Offerors of crypto-assets, other than ARTs or EMTs, must monitor and contract a third party to safeguard the funds or other crypto-assets raised; ensure that any funds or other crypto-assets collected from holders or potential holders are duly returned as soon as possible where a time limited offer is cancelled for any reason.

Retail holders who are acquiring crypto-assets, other than ARTs or EMTs, directly from the offeror, or from a crypto-asset service provider placing the crypto-assets on behalf of the offeror, should be provided with a right of withdrawal during a limited period of time after their acquisition (not after the end of the subscription period and not where the price of such crypto-assets would depend on the fluctuations of crypto-asset markets).

Offerors and persons seeking admission to trading of crypto-assets, other than asset- referenced tokens or EMTs, should act honestly, fairly and professionally, should communicate with holders and potential holders of crypto-assets in a fair, clear and truthful manner; and identify, prevent, manage and disclose conflicts of interest.

Civil liability rules should apply for the information provided to the public through white papers.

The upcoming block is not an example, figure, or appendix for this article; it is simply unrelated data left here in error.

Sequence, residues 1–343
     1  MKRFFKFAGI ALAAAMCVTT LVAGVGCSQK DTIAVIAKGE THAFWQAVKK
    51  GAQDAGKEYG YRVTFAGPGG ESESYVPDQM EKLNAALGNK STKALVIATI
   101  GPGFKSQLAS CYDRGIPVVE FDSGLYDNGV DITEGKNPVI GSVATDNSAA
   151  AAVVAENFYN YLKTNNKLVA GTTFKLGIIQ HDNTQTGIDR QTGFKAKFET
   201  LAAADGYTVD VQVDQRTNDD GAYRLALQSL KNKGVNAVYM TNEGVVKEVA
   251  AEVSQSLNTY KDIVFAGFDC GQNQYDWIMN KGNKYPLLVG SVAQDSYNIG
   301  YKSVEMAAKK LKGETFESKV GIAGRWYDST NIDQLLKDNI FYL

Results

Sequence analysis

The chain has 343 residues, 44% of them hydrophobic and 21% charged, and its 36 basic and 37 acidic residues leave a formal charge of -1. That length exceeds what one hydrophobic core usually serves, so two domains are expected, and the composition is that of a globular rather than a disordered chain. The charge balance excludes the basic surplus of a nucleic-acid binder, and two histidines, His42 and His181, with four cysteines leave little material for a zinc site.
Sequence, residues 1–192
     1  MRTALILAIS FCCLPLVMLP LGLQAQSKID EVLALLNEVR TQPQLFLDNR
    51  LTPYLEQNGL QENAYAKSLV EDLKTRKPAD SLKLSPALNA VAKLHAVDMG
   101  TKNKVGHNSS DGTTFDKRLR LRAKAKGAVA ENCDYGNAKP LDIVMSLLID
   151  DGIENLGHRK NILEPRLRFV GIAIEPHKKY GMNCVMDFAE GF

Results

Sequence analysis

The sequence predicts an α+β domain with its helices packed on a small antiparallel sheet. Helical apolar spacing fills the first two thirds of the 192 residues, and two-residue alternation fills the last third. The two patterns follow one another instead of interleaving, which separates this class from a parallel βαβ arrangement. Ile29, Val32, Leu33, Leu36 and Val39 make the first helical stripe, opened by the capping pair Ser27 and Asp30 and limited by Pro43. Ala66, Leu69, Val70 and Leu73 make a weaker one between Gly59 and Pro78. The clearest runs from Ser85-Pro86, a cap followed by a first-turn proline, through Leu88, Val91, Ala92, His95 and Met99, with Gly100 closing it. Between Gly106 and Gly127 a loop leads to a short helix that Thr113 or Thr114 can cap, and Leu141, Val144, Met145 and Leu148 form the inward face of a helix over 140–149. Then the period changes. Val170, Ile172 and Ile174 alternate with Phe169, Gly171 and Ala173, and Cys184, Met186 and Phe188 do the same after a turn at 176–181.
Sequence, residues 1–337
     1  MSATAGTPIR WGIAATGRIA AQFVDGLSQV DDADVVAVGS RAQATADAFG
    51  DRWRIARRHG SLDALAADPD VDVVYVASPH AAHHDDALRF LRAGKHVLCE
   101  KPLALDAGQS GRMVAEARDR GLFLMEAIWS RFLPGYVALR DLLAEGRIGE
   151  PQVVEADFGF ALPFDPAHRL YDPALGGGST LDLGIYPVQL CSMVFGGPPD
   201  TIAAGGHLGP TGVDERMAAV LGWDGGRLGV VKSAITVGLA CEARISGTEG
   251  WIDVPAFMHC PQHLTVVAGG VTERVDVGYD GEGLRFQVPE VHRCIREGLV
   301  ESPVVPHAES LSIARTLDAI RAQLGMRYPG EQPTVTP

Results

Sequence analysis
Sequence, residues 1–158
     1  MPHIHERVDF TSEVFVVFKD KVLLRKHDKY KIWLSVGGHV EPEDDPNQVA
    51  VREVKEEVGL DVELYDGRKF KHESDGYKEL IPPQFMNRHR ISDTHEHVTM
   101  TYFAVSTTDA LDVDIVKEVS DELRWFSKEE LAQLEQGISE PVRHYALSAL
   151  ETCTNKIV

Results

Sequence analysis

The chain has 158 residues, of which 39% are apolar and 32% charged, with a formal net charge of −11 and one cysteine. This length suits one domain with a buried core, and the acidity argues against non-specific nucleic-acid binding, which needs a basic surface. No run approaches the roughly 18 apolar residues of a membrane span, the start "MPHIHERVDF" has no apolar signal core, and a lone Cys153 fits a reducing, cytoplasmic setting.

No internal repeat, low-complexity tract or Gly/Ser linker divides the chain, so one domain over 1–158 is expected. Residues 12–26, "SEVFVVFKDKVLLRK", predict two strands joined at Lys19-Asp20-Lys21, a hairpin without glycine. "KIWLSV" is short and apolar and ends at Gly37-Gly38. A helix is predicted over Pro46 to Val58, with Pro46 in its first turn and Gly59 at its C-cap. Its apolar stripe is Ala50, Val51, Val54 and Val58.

Asset-referenced tokens

Issuers of ARTs will be subject to more stringent requirements than issuers of other crypto-assets.

When a crypto-asset falls within the definition of an ART, it will be regulated irrespective of how it’s designed, including the mechanism to maintain a stable value.

This includes ‘algorithmic stablecoins’ that aim to maintain a stable value in relation to an official currency of a country or one or more assets via protocols that provide for the increase or decrease of the supply of tokens based on demand. But even offerors or persons seeking admission to trading of algorithmic crypto-assets that do not aim to stabilise value by referencing one or more assets should comply with requirements for cryptoassets generally.

Issuers of ARTs must have a registered office in the EU. In order to offer ARTs to the public or seeking an admission of ARTs to trading on a trading platform the local regulator will need to authorise the issuer and approve the white paper, except where:

  • the ARTs are only offered to qualified investors;
  • the offer is below a certain threshold,

but even then the issuer must produce a white paper to inform buyers about the characteristics and risks of the ARTs and notify the regulator before publication.